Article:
Satisfaction with Maltese democracy decreased by 20 points during political crisis

Percentage of those who judge Malta’s general situation positively drops by 29 points since 2018

The number of respondents who judge their country’s general situation positively dropped by 18 percentage points since September, and by 29 points when compared to 2018
The number of respondents who judge their country’s general situation positively dropped by 18 percentage points since September, and by 29 points when compared to 2018

The political crisis has taken its toll on the country’s positive outlook and people’s satisfaction with the way Maltese democracy works.

A Eurobarometer survey held right through the political crisis in November 2019 – when investigations in the Caruana Galizia assassination started with the arraignment of Tumas magnate Yorgen Fenech and forced the resignation of Joseph Muscat as prime minister – found that the number of respondents who judge their country’s general situation positively dropped by 18 percentage points since September, and by 29 points when compared to 2018.

But at 58%, the positive outlook of the Maltese remains higher than that in other EU member states. On average only 47% of EU citizens deem the situation in their country positively.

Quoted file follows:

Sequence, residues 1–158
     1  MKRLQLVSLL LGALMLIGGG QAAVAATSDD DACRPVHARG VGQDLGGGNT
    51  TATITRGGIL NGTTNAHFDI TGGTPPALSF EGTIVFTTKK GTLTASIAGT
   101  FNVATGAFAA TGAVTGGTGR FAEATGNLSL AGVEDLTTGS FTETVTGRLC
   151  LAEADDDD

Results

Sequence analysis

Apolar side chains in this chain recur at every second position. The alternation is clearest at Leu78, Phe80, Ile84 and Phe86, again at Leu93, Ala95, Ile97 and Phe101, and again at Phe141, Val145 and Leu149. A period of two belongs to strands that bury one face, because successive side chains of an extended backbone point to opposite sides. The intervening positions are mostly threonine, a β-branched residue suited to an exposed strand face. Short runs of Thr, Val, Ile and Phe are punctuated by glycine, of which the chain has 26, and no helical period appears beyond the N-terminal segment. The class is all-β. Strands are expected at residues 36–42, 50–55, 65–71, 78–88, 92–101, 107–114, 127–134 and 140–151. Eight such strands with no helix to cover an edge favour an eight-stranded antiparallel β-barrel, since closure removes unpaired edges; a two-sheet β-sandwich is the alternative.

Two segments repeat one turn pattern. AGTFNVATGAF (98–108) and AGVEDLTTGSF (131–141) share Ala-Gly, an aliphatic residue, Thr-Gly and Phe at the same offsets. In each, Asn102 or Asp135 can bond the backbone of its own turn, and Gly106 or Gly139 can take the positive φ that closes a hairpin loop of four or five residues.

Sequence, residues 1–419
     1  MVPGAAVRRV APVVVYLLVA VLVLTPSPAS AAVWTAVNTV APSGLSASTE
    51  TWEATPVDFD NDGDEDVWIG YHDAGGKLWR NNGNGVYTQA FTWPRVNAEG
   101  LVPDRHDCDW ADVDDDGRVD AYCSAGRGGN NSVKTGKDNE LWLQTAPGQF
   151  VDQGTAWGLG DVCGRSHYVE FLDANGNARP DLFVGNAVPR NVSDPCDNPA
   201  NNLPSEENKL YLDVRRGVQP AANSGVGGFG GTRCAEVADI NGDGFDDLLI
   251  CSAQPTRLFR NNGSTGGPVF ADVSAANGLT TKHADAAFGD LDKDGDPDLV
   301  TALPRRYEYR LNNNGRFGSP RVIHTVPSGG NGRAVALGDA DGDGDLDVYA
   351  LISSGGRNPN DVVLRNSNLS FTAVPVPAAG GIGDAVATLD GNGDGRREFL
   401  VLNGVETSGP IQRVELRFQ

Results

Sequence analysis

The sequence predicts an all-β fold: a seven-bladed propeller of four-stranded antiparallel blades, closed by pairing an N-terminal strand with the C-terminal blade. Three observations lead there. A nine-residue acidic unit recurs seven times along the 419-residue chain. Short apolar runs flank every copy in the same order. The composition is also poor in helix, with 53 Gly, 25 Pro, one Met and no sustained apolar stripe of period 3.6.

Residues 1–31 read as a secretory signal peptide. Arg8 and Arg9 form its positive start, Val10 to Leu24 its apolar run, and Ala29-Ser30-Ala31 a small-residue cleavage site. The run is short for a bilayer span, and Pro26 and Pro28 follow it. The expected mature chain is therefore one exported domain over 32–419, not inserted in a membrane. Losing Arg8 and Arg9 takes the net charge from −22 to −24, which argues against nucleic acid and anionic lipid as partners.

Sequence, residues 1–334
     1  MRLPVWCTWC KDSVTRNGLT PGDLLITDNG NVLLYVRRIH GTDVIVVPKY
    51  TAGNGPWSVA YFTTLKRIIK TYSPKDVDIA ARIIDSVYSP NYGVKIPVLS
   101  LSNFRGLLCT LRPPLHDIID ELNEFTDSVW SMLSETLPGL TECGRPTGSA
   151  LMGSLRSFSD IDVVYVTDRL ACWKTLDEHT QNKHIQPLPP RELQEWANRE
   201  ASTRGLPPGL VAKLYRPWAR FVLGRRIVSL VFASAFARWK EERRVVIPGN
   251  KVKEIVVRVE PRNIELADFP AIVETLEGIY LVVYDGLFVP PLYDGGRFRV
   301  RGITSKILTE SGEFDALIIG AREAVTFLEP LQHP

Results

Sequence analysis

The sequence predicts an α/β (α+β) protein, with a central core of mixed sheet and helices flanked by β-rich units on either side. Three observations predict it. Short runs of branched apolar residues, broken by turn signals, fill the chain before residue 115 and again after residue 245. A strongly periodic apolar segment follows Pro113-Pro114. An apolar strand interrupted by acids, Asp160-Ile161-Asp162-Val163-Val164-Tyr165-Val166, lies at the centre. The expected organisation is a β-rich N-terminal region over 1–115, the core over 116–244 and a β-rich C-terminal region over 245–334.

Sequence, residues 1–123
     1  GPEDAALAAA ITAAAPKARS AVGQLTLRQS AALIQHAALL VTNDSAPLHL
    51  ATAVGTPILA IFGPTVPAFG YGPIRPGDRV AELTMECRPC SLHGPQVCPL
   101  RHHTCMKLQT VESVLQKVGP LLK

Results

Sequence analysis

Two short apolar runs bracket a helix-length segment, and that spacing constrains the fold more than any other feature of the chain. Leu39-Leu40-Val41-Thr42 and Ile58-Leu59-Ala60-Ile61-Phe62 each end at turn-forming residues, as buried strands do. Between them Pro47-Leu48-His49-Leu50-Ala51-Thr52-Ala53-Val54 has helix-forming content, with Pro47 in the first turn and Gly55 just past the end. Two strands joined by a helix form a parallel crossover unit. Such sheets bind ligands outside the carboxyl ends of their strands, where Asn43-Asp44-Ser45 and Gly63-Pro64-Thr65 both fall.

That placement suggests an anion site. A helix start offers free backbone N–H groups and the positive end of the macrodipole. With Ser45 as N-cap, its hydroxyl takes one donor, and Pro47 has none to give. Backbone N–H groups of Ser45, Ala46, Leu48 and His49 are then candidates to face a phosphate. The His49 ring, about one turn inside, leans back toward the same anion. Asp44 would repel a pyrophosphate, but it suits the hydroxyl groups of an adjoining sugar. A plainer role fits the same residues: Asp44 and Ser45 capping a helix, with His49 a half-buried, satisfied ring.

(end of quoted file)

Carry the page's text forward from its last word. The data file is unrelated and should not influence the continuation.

The survey also reports a deterioration in perceptions on the way democracy works in Malta, with the Maltese now evenly split between those who are satisfied (48%) and those who are unsatisfied (46%).

The percentage of those who are unsatisfied with Maltese democracy increased by 20 points compared to September.

Satisfaction with Maltese democracy is now lower than a European average of 54%. One would have expected that the tumultuous days in November which saw the Muscat government implode amidst high profile arrests related to the Caruana Galizua murder, would have made the Maltese talk more about politics.

But the EU-wide survey found that the percentage of respondents who never talk about politics when they get together with friends or relatives increased by 3 percentage points, when compared to September of the same year.

The survey found that 26% of Maltese never talk about Maltese politics with friends. Only 17% do so frequently up by 2 points from September while 56% do so occasionally.

In all 28 EU member states the percentage who talk about their country’s political situation frequently is 9 points higher than in Malta. The Swedes are the most politically engaged, to the extent that 40% talk frequently about this topic with friends.

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